Praise for Wasteland
Recipient of the AudioFile Magazine Earphones Award (Audiobook)
“Through books, movies, and more, noted historian Poole traces the roots of modern horror to a singular event that shaped the world forever: WWI. His thesis is that the barbarism of war never fades. With his earnest intensity, Eiden sounds like an energetic history professor who knows he's appreciated by his audience. While the descriptions of war can be horrifying indeed, both author and narrator weave an engaging and insightful listen that captures the reality of battle with a sensitive and respectful touch.” AudioFile Magazine
"Wasteland, W. Scott Poole’s exploration of some of the Great War’s consequences for popular art, is fully attuned to the conflict’s devastating psychological impact . . . Highly persuasive . . . Poole’s general conclusions about World War I’s transformation into art, and the process of psychological displacement that accompanied it, are incontestable." D.J. Taylor, The Wall Street Journal
"Thoroughly engrossing cultural study . . . Poole persuasively argues that the birth of horror as a genre is rooted in the unprecedented destruction and carnage of WWI . . . Will make it hard for readers who haven’t considered the wartime context for horror’s emergence to forget it." Publishers Weekly (starred review)
"Elegantly written and cogently argued, Wasteland convincingly demonstrates the modern horror genre's origins in the great Dance of Death that was the First World War." David J. Skal, author of The Monster Show: A Cultural History of Horror
"W. Scott Poole combines smart readings of the horror classics with detailed knowledge of twentieth-century history, art, and literature to dig deep into the serious side of these popular entertainments. I thought I already knew the subject inside out, but Wasteland introduced me to fresh facts, new ideas, and surprising connections. This is cultural history of a very high order: intelligent, lively, and wonderfully readable." Christopher Bram, author of Gods and Monsters
“Poole brings a scholar’s eye to the horror found in literature, film and other artistic expressions ever since [World War I] . . . Wasteland will appeal to film and military buffs, horror fans, those interested in popular culture and those who seek a better understanding of the escalating violence of the last 100 years . . . A fascinating read.” Bill Schwab, The Missourian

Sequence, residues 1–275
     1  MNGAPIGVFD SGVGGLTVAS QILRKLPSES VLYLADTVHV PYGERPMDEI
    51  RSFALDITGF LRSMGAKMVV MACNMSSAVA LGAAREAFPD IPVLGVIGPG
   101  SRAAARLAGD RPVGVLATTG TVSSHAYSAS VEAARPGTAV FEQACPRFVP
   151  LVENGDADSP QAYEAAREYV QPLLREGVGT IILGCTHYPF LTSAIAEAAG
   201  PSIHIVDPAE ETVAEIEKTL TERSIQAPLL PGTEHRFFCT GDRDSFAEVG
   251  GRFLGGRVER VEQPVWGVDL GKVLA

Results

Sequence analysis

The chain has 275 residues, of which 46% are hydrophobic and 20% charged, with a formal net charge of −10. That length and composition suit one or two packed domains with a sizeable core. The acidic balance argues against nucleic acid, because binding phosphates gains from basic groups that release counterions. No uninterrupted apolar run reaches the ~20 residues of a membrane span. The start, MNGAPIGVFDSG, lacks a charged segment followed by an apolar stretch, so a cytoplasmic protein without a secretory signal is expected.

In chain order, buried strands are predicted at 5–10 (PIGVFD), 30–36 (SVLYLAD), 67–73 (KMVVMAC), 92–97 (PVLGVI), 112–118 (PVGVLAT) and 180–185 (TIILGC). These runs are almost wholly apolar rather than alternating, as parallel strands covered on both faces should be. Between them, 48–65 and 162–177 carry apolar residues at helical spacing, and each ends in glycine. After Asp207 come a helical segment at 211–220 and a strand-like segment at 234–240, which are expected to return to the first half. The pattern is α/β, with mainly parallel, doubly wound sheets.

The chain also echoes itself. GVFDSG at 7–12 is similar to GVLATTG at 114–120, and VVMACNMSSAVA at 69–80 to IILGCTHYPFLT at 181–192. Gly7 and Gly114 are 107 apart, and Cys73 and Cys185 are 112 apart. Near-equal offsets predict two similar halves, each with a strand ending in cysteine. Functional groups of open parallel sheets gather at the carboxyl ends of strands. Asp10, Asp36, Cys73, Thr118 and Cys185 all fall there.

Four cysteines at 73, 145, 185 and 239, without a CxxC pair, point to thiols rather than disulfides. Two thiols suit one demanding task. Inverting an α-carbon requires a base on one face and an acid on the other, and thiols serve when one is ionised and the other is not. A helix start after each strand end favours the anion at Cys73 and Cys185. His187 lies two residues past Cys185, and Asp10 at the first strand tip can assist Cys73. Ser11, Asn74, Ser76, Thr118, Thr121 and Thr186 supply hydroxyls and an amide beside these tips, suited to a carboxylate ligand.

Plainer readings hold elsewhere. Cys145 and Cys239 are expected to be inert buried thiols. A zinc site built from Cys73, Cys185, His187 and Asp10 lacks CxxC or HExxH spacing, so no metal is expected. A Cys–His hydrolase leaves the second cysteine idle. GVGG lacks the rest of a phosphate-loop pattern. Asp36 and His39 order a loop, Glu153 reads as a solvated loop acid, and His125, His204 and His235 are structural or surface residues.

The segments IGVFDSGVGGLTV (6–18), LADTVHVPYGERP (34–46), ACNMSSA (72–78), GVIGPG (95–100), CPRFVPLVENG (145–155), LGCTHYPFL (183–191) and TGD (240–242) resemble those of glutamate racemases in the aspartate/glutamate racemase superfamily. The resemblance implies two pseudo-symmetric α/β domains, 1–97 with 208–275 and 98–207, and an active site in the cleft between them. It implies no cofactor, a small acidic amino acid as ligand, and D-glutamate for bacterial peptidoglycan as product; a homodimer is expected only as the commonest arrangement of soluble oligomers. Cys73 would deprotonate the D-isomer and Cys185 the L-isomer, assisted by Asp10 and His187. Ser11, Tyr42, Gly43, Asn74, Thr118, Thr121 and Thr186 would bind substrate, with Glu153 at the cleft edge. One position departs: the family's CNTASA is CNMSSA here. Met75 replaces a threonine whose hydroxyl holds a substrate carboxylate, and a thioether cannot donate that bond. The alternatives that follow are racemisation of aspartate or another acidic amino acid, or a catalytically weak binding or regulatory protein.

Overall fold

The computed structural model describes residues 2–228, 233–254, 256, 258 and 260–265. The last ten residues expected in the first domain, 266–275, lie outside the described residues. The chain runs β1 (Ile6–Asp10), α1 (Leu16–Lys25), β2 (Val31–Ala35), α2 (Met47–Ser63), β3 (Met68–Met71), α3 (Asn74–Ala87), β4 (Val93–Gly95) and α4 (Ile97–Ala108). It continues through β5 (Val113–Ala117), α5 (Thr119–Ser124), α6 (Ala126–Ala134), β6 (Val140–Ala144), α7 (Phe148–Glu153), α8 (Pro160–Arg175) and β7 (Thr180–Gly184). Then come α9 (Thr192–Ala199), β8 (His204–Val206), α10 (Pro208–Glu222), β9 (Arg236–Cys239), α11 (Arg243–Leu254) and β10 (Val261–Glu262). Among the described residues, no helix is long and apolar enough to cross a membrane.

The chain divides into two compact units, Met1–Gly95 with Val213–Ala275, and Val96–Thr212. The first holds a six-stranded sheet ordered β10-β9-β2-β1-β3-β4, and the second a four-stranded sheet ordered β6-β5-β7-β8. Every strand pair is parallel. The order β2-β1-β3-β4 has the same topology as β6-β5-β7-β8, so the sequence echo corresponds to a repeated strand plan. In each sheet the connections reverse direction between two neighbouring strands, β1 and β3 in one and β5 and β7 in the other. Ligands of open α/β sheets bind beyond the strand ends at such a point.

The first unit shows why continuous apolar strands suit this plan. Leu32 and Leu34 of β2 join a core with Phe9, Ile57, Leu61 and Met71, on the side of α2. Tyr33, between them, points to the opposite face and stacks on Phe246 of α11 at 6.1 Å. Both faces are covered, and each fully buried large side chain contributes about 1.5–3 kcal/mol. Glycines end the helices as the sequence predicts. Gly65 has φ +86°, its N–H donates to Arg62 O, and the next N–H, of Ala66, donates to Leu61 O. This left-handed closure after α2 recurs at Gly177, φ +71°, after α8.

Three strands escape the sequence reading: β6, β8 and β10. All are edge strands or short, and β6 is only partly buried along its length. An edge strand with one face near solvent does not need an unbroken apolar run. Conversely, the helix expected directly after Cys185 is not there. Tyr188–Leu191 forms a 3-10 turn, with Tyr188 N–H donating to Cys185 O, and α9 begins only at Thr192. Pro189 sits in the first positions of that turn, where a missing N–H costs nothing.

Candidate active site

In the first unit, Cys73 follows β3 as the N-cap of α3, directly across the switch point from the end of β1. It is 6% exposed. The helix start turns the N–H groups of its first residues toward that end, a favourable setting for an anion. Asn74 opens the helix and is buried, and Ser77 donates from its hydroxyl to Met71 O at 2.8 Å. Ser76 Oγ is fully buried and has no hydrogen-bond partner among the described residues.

"Tackling the indescribable horrors of wartime is a delicate but necessary task, as Poole ventures in his latest title. Beginning with the Great War, the author exhaustively discusses the influences each era’s war had on their directors, writers, actors and audiences of the horror genre, all while giving history lessons of the war in tow." Ahlissa Eichhorn, Fangoria
"Wasteland spans multiple nations, dozens of battles, and traces how warfare influenced artists of all crafts. Moving beyond prejudiced perceptions of high- and low-brow art, as well as the various designations used to pigeonhole artists, Poole reveals the connective tissue holding together the bones of modern monsters." Dustin Waters, Charleston City Paper
“A fascinating read.” Wayne Miller, Vampires.com
"Poole brings a scholar's eye and a devotee's heart to a study of the literary, film, and artistic incarnations of horror from the World War I period to today." Kirkus Reviews
“[A] fascinating new book about how [World War I] reshaped western culture . . . Poole is a very gifted writer.” Gene Walz, Winnipeg Free Press